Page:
Census 2020

The online data collection for the Census has closed. Learn more information about the Census below.


For more information visit azcensus2020.gov or census2020.gov


Multilingual Video in Arabic, Burmese, English, Kinyarwanda, and Nepali


For more multilingual videos, visit: www.apiavote.org/bn/census2020


Census Video in Arabic made by Worcester Polytechnic Institute (WPI) students, click here.


Oromo Census Video, click here.


Kinyarwanda Census Video, click here.


2020 United States Census – What you need to know

Flyer available in Arabic, Burmese, Dari, English, Farsi, French, Kinyarwanda, Kiswahili, Nepali, Pashto, and Spanish.

Download (DOCX, 208KB)

  • Why is the Census important?

    Why is the Census important?

    Information provided by prb.org



    State population counts from the decennial census are used to reapportion seats in the U.S. House of Representatives. No state has permanent claim to their current number of assigned House seats. State population counts determine how the 435 seats are split across the 50 states based on each state’s share of the national total. After the 2020 Census, southern and western states are expected to gain seats—and political clout—at the expense of states in the Northeast and Midwest. The Census Bureau will publish apportionment population counts by December 31, 2020, affecting the size of state delegations for the 2022 U.S. House elections and state votes in the U.S. Electoral College for the 2024 presidential election.



    State and local officials use decennial census results to help redraw congressional, state, and local district boundaries to contain roughly equal numbers of people to ensure each person’s voting power is closely equivalent (meeting the one-person, one-vote rule). The Census Bureau will publish redistricting data no later than March 31, 2021—within one year of Census Day.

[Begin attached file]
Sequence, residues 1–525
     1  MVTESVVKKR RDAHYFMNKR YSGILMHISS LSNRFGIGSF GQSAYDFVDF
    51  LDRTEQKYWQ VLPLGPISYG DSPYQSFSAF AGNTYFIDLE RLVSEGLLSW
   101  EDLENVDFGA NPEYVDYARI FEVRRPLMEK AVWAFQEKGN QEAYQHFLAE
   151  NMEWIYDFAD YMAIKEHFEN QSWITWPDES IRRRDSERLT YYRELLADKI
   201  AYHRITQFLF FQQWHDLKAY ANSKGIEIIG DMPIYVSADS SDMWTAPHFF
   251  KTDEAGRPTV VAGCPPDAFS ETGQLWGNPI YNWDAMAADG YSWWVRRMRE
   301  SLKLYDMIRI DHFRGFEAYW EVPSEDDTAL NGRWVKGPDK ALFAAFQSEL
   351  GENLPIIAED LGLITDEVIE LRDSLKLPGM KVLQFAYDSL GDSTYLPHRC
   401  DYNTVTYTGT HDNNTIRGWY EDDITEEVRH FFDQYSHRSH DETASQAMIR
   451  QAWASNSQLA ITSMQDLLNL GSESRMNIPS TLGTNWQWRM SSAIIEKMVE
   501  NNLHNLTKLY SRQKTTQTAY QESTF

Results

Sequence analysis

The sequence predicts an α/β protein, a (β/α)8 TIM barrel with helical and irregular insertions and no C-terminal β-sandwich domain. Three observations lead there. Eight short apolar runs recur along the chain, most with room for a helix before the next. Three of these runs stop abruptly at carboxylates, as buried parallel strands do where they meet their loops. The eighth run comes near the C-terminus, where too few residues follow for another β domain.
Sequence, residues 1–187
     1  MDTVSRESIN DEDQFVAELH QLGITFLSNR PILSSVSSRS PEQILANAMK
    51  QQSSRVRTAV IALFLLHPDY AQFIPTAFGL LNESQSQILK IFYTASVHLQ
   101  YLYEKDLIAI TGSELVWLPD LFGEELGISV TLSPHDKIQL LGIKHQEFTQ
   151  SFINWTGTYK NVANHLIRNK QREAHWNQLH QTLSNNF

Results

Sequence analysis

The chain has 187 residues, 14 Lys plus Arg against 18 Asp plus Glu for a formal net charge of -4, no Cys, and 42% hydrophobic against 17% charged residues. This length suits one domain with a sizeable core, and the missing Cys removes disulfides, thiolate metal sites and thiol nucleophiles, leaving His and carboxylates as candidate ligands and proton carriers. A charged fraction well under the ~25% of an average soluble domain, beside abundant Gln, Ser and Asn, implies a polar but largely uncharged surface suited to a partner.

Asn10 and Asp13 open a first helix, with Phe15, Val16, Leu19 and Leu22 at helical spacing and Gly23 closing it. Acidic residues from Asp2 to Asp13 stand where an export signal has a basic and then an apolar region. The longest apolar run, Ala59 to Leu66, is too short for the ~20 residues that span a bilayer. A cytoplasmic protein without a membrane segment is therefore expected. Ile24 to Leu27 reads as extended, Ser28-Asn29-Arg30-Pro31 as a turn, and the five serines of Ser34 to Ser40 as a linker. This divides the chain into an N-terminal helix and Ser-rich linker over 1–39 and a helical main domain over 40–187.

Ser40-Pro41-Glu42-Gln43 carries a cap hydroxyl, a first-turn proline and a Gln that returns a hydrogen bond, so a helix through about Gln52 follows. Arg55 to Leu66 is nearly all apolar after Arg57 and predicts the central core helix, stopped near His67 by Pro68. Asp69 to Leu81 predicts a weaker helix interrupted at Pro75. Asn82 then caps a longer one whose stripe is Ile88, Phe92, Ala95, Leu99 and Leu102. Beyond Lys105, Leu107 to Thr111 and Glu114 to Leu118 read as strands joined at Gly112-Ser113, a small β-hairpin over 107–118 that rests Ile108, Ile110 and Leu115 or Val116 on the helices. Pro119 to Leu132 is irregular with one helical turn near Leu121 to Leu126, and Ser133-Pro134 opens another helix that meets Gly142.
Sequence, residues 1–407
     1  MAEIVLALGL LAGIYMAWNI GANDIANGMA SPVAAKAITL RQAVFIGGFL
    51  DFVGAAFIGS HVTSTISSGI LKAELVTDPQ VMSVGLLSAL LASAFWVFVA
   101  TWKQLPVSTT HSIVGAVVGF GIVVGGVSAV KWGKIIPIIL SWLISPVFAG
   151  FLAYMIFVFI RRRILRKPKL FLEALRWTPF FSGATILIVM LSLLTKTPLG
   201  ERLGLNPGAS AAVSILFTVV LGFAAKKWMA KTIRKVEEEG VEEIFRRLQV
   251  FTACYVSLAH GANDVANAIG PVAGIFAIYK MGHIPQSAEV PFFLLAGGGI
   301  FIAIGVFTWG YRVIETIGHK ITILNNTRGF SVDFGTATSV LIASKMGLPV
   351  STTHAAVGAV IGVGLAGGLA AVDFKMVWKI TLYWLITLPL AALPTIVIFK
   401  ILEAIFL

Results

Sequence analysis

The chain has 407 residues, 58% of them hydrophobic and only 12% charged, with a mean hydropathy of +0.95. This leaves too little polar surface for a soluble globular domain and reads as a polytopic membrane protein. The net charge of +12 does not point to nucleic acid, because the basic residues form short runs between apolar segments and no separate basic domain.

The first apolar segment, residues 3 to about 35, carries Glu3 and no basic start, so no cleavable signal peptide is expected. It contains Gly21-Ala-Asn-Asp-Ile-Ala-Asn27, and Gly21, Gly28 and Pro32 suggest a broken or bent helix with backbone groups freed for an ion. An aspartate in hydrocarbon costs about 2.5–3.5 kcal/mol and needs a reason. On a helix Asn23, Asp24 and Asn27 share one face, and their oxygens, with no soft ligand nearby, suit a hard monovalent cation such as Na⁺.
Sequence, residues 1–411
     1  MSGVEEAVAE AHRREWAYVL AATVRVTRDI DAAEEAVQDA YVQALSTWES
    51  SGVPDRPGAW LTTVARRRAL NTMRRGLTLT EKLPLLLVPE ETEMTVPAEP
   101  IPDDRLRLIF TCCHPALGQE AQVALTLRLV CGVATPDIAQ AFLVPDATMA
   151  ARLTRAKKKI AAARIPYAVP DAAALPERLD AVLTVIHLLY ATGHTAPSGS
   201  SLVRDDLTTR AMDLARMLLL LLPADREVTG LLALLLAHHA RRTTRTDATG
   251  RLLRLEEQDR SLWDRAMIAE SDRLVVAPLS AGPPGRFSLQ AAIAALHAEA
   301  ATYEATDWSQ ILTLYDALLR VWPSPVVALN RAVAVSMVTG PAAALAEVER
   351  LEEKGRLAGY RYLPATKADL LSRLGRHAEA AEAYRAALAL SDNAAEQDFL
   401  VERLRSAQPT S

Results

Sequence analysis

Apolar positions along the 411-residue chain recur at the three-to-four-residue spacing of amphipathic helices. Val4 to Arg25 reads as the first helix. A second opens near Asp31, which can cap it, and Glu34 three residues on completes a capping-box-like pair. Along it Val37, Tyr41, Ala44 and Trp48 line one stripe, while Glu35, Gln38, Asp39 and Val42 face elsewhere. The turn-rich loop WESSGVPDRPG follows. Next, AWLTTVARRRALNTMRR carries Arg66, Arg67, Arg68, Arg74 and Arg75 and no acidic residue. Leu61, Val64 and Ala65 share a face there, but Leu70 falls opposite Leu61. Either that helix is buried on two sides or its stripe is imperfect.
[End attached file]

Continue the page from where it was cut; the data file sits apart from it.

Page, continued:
Money to States and Localities

    Census totals help determine the amount of funding that state governments and local communities receive from the federal government for the next decade. Census Bureau data were used to distribute more than $675 billion in federal funds to states and local communities for health, education, housing, and infrastructure programs during Fiscal Year 2015. Accurate census counts ensure that funding is equitably distributed for numerous programs such as Medicaid, highway planning and construction, special education grants to states, the National School Lunch Program, and Head Start.



    Data from the census inform a wide range of government, business, and nonprofit decisionmaking. Governments and nonprofit organizations rely on decennial census data to determine the need for new roads, hospitals, schools, and other public sector investments. Census data are also vital to businesses as a key source of information about the U.S. population’s changing needs.


    Emergency Response

    Detailed population information is critical for emergency response in the wake of disasters. First responders and disaster recovery personnel use census data to help identify where and how much help is needed. Similarly, demographic details from the census assist epidemiologists and public health personnel in everything from tracking disease outbreaks, to combating the opioid epidemic, to improving child health.


    A Base for Federal Surveys

    Decennial census data provide a population base for dozens of federal surveys. The Census Bureau’s Population Estimates Program uses census data in combination with birth, death, and migration data to produce annual population and housing unit estimates. These estimates are then used as population controls for the American Community Survey, Current Population Survey, and many other federal surveys—so that the numbers of housing units and people in certain categories agree with the Census Bureau’s official estimates.

  • Census: Myths and Facts

    Myths and Facts on Immigration and the Census

    Information provided by nonprofitvote.org